From Friday 13 to Sunday, August 15, 1982 the Antwerp Werkgroep Improviserende Musici (WIM) [Workgroup Improvising Musicians] organized Free Music ’82 at Montevideo. This jazz festival would normally have taken place at the King Kong venue, but since the hall had been arsoned on July 8 of that year, the organisers had to look for a new location. The space at Montevideo largely met their needs. In the middle of the port warehouse, a large circus tent with a stage was set up. For the ninth edition of Free Music, the organizers wanted to create a confrontation between Belgian and foreign improvising musicians. The three-day program was composed by saxophonist André Goudbeek and highlighted trombone and percussion works. In addition to performances by Garret List, Leo Verheyen and the duo George Lewis and Douglas Ewart, there was a ‘WIM Poel’ show every evening that brought the various international musicians of the day together on stage for an improvisation session. One month later, on September 18, Gentils and Peers organised the solo exhibition Licht, Holografie en Holoïsme [Light, Holography and Holoism] by Ludo Mich.

In 1978, Mich became fascinated with holography after visiting the exhibition Beeldend Licht [Visual Light] at the University of Ghent. During the next four years, he immersed himself in this matter. According to Mich, performance brought the static image to a higher level, and holography was the logical next step. Holography, moreover, allows the viewer to have a new perception and experience of space, which Mich called holoism. His exhibition at Montevideo was the culmination of this study. Through paintings, videos, holograms and performances, Mich presented his new take on three-dimensional art. The room itself became as it were a hologram, or, as Annie Gentils put it, ‘the activities and the visitors blended together into a large multi-dimensional mosaic’. On the opening night there was a ballet performance and a choir performed the musical work Holo-game by Walter Heynen. Also, various speakers had been invited to discuss the relationship between art and science. Following the exhibition, Gentils and Peers published an eponymous catalog. The publication, replete with a pair of red-green 3D glasses, included aside from a series of 3D photos of the Montevideo space, a short historical overview of the scientific knowledge of light and holography. The edition was designed by Peers who gave it a flashy and playful look.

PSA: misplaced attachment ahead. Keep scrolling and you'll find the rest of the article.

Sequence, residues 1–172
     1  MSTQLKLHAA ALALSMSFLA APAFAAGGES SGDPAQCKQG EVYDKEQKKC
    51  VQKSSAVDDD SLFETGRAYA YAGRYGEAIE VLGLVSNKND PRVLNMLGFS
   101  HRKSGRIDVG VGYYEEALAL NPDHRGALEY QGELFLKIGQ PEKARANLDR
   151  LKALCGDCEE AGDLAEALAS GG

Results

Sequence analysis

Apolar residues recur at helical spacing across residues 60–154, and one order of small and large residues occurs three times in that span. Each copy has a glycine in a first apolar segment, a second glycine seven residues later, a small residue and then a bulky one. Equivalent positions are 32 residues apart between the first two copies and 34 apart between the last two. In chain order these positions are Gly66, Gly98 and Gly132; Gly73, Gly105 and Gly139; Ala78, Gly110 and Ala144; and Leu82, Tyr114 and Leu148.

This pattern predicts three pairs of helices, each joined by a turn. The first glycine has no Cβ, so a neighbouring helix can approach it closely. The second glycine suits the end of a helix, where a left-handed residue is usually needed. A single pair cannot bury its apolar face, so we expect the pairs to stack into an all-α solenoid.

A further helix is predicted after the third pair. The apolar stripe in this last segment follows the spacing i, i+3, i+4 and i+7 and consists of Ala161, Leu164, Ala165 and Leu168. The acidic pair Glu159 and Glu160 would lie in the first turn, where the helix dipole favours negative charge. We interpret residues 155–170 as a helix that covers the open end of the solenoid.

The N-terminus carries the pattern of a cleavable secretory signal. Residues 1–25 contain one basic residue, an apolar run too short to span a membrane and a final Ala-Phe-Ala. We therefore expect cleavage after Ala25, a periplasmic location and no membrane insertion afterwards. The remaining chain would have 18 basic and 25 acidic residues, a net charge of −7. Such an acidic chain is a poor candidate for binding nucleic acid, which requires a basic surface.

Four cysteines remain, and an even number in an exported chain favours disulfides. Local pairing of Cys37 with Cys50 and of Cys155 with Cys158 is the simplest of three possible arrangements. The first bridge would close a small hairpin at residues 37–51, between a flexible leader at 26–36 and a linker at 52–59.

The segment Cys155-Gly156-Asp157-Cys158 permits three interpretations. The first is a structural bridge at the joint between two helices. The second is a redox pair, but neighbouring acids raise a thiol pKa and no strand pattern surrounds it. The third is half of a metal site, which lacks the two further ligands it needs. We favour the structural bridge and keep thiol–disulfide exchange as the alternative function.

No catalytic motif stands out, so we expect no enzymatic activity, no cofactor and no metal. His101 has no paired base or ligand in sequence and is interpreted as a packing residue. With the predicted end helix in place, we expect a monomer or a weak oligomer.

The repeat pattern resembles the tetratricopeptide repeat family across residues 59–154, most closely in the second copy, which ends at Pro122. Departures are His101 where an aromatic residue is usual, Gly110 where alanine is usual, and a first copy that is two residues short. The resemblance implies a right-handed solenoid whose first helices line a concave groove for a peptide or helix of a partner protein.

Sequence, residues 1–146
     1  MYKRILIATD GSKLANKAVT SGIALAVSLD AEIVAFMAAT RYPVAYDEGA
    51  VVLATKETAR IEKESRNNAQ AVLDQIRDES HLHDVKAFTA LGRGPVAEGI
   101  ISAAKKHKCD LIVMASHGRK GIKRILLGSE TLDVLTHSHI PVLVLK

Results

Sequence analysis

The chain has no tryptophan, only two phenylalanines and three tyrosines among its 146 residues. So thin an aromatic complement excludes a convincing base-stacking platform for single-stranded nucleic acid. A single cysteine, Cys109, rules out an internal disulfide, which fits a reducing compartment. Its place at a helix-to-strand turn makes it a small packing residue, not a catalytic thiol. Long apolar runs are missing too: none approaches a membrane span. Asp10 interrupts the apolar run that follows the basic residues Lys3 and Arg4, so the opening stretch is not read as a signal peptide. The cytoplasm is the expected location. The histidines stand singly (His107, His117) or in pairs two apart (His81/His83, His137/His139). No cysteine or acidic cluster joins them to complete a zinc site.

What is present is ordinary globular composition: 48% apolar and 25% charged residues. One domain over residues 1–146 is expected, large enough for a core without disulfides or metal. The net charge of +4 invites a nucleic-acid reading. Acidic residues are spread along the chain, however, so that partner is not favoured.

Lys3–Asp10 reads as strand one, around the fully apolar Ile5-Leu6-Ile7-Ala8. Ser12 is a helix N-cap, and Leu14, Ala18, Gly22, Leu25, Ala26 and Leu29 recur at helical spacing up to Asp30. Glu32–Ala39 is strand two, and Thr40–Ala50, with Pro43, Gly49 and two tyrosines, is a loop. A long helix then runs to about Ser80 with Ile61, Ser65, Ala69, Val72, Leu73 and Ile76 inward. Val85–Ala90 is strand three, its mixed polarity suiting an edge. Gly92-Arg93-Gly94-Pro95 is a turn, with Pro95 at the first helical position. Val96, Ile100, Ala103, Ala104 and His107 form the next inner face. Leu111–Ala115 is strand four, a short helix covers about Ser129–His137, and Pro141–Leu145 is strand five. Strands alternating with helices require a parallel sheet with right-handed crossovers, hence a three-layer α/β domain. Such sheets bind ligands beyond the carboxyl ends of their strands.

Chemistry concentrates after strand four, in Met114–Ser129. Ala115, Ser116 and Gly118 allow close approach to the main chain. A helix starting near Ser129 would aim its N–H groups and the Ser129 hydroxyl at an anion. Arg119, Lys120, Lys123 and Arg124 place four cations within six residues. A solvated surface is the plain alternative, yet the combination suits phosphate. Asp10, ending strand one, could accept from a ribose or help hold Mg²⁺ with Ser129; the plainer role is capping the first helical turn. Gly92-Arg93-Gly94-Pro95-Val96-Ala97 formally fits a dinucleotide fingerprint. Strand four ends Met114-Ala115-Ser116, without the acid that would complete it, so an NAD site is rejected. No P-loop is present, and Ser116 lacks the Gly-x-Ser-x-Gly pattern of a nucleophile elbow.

On October 16, 1982 Montevideo hosted Open dansvoorstelling [Open Dance Performance]. Dancers Diane Batens, Chris De Ley, Dirk Wendelen, Hilda Cavens and Christa Gadeyne brought the result of a two-month investigation into movement, rhythm and physical dynamics on music by Lieven Baeyens. The entire space, the walls, the spectators and even the bar was part of the performance, and co-determined the progress of the dance. From 1 to 13 November, the Antwerp painter Willy Tielemans held a solo exhibition in Montevideo. Twelve paintings were shown at the exhibition, each with dimensions of 125 by 250 centimeters, which Tielemans painted three weeks before the opening in the Montevideo area.

The strong 1982 program gave Montevideo international recognition, but also took its toll. The unheated space was ice cold and its huge size placed high demands on the two promoters. In addition to organizing the activities, Gentils and Peers also published the bi-monthly newsletter, and took care of the invitations, the press conferences and catalogues. Most of Montevideo’s activities were virtually access-free and Government support was almost non-existent. Or as Gentils put it in 1983: ‘The organization of an exhibition is more like a search for money, than an in-depth study into the subject matter of the exhibition.’ It was therefore decided to reduce the annual program to a spring and a summer exhibition, which would primarily focus on the purely plastic arts.

The first spring exhibition, from April 13 to April 24, 1983, was the group exhibition Marchandises, 5 millions de tonnes de marchandises livrées chaque année, with work by Antwerp artists. The title of the exhibition was coined by Stan Peers, who derived it from an old Brussels advertising poster from the 1930s. It was a critical allusion to the prevailing philosophical debate about the commercialisation of art. The group of participants of Marchandises grew spontaneously; Gentils and Peers asked befriended artists to in turn invite colleagues and soon there were sixty participants. The only selection condition was that one had to live in or around Antwerp. The participating artists included, among others, Bruneau, Harry Wiggers, Hugo Roelandt, Guillaume Bijl, Luk Van Soom, Anne-Mie Van Kerckhoven, Ria Pacquée, Luc Deleu, Wout Vercammen, Guy Rombouts and Liliane Vertessen. Panamarenko declined.